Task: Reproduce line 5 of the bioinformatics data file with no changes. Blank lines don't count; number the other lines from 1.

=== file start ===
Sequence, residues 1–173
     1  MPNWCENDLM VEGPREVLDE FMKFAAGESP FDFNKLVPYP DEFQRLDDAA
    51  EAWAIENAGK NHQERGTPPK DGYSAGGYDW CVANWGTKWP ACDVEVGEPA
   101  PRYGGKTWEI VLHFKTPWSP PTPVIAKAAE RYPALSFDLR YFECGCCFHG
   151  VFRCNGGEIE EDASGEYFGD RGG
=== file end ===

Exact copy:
   151  VFRCNGGEIE EDASGEYFGD RGG